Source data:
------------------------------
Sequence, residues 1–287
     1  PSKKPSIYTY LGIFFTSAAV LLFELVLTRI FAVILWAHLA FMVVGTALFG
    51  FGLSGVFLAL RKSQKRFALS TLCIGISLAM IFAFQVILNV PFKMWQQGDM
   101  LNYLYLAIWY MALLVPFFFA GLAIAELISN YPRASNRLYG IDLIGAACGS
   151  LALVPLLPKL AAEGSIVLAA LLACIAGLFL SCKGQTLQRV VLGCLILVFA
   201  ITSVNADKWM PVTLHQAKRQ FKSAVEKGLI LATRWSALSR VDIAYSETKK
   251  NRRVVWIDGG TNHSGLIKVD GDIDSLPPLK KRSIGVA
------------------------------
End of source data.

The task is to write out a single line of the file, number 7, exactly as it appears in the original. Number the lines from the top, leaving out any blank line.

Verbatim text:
   251  NRRVVWIDGG TNHSGLIKVD GDIDSLPPLK KRSIGVA